Just to be clear my name is Robert Jamieson, not Runbert Jogmyson. I just wanted to punnify my name! Anyway...
It’s around this time of year the donation requests start flooding in… We all know someone (be they a friend, family member, or colleague) who has decided to take on the 26.2 mile challenge provided by the London Marathon. So what’s different about my story? Is it down to the fact that I am still cheerfully maintaining my 15-a-day smoking habit? Or the fact that until Boxing Day I had undertaken little to no meaningful exercise for a number of years?
Maybe – but the real reason I think that I may be different than my 50,000 fellow runners is the cause that I am running for. Now, that’s not to say I don’t wholeheartedly support some of the amazing charities and causes that the majority of those taking part will be busting a gut to help.
I’ve worked for an organisation called Community Southwark for the past two years now. A simple explanation as to what we do: we support the voluntary and community sector (VCS) in Southwark in a range of ways – anything from development support, funding applications, good governance and finance, and at a local and national policy level. We look to champion the amazing and diverse charity sector that Southwark has.
But it doesn’t stop there. Anyone with experience working for a charity knows that the funding situation has been pretty bleak in recent years as traditional funding sources begin to shrink – ostensibly due to cuts to local government.
Which is why we need to start thinking creatively and differently about how the VCS is sustained.
There are still great inequalities
That’s where Southwark Giving comes in – the ultimate reason for me running the London Marathon! Southwark Giving is a place-based giving scheme that will innovatively address hidden, unmet and emerging community needs in Southwark. This will bring people together from different sectors and provide opportunities for people to give their time, skills and/or money.
Despite Southwark’s thriving Voluntary and Community sectors there are still great inequalities, impacting on the health and wellbeing of our communities that need targeted support to change.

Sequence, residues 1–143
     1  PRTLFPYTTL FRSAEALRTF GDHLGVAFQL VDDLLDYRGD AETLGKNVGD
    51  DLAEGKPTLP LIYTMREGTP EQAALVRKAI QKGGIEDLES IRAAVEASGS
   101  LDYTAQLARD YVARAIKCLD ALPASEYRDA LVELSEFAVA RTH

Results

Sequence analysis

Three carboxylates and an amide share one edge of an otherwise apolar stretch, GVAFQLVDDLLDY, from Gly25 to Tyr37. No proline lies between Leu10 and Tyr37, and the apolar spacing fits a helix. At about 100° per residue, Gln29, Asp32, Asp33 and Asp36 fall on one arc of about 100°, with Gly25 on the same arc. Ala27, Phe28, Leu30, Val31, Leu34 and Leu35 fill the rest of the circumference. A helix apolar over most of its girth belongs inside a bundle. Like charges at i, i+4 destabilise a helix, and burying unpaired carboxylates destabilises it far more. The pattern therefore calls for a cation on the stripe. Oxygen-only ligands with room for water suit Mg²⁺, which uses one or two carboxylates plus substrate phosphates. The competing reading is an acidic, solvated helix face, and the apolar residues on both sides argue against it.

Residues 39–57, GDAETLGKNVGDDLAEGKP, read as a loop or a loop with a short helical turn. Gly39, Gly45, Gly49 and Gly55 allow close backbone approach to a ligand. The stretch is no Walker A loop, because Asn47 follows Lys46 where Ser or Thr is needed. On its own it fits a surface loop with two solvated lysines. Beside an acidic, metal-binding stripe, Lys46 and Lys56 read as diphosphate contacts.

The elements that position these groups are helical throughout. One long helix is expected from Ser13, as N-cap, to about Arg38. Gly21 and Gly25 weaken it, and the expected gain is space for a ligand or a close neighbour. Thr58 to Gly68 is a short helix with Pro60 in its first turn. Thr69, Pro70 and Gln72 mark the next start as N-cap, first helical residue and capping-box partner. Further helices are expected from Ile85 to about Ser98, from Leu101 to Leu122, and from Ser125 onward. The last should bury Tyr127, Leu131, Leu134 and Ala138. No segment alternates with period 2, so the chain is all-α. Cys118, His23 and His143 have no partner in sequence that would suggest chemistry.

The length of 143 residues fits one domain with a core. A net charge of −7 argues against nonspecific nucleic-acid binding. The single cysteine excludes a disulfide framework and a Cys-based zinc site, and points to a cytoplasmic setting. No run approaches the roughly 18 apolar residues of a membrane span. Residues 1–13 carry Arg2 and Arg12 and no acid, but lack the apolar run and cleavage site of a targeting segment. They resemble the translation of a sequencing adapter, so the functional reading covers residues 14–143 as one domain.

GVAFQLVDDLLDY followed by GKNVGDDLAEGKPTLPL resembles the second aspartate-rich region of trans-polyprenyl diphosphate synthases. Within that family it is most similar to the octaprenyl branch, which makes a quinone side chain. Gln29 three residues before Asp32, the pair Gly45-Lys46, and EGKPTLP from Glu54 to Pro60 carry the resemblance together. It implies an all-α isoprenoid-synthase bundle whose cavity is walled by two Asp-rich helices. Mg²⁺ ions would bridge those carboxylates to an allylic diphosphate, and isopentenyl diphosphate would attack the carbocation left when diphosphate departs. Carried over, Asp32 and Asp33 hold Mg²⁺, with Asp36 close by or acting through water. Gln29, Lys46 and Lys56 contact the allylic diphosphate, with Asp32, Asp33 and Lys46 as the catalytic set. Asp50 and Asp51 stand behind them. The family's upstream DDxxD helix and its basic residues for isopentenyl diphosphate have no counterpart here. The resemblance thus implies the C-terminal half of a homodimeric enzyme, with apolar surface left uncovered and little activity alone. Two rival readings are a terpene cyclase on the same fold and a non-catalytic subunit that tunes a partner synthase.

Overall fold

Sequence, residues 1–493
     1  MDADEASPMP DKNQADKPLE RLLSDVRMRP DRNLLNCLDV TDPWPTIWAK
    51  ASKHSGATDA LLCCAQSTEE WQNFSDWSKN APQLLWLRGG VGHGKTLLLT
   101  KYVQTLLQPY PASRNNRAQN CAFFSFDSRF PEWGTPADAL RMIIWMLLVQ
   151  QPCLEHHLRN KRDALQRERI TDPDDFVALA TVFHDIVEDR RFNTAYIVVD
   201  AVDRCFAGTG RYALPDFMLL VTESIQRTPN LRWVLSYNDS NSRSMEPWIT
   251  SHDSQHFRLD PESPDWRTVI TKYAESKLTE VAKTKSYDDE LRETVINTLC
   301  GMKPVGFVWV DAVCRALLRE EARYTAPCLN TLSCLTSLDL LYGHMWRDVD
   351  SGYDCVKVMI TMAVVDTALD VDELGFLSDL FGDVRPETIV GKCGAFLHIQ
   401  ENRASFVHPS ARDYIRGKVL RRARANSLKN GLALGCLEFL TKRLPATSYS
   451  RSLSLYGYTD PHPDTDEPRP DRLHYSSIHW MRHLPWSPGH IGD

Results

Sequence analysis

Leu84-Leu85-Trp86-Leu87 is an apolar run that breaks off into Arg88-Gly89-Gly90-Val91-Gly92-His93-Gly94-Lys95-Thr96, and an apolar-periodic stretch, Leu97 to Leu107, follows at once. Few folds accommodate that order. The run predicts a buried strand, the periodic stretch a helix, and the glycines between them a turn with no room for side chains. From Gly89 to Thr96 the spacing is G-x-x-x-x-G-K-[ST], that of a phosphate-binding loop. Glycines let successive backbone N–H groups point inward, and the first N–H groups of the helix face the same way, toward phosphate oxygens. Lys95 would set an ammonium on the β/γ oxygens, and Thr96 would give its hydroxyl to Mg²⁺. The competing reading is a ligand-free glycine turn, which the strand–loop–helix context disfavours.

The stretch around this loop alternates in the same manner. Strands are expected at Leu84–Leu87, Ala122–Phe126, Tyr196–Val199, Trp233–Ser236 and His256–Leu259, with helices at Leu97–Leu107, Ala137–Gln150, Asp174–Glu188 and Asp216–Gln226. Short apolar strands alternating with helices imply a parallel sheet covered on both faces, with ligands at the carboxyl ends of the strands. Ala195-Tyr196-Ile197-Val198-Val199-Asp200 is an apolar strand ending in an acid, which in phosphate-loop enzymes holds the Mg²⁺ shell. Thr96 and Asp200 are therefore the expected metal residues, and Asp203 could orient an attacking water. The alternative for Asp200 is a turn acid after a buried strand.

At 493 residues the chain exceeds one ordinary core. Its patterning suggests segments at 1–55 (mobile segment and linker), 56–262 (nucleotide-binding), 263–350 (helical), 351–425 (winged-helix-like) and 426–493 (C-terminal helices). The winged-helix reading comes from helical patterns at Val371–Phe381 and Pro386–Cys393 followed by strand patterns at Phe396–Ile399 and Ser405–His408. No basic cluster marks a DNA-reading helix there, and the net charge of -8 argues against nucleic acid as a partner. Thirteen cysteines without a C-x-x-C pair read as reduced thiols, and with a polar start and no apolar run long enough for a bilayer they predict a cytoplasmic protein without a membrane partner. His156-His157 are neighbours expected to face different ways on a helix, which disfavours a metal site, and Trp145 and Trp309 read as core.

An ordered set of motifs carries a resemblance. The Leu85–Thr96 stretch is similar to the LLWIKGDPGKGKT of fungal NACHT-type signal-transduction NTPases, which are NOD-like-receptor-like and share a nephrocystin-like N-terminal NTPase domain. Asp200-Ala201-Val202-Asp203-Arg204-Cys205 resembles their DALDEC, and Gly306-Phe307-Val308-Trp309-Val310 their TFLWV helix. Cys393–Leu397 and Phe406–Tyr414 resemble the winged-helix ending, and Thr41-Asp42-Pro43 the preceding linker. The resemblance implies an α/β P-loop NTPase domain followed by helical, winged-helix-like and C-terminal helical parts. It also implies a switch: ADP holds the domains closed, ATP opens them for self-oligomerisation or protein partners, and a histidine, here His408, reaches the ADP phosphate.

We have commissioned some research that has shown that due to these inequalities throughout the borough the conclusion is that there are two Southwarks – one where people have better life chances and one when they have worse. Read the report ‘A Tale of Two Southwarks’ to get an idea of what that means.
In my time at Community Southwark I have encountered some fantastic charities and community groups – the fact that some of these will ultimately benefit from my endeavours makes it all worth while.
I have vowed to pack in the cigarettes
But how has the experience been? As I’ve mentioned my first run was on a chilly boxing day morning (accompanied by more than a slight hangover). Nothing shouts ‘FESTIVE CHEER’ more than a four mile slog in cold – although at least I did get to try out my new leggings…
The first few weeks were the hardest. Due to a lack of fitness and frosty conditions there wasn’t anything remotely fun about having to stick to a training schedule. But as the weeks gradually wore on and the days started to get warmer, the possibility of getting to a point where I could be confident in completing the race started to become a reality.
Until I got injured that is – like many others who are taking on this challenge. £200 worth of physio and chiropractor appointments later – and nearly a month off of steady training – I was able to get back on the horse (so to speak). The average pace dropped (on medical advice) and the recuperation became even more important (lots of ice and ibuprofen). But I have managed to get myself (4 days to go) where I feel reasonably confident that I will be able to complete the race in 4.5 hours. This mindset has been helped immeasurably by being able to complete a 20 mile run last week.
The next few days will be spent trying to get my head around how mentally and physically challenging a day Sunday will be. I have vowed to pack in the cigarettes at least a couple of days before the race (I’m pretty sure Mo Farah does something similar) and beer is off limit – at least until around 30 minutes after I’ve finished!
Wish me luck!
If you want to find out more about Southwark Giving you can visit the website here.
If any of this has inspired you to put your hands into your pockets you can donate here.